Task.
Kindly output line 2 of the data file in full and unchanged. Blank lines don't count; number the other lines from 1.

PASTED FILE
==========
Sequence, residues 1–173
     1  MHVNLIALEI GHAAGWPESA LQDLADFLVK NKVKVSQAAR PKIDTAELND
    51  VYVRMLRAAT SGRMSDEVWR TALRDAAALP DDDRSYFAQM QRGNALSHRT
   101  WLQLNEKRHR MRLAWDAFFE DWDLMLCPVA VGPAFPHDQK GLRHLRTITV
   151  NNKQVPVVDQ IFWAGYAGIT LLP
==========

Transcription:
     1  MHVNLIALEI GHAAGWPESA LQDLADFLVK NKVKVSQAAR PKIDTAELND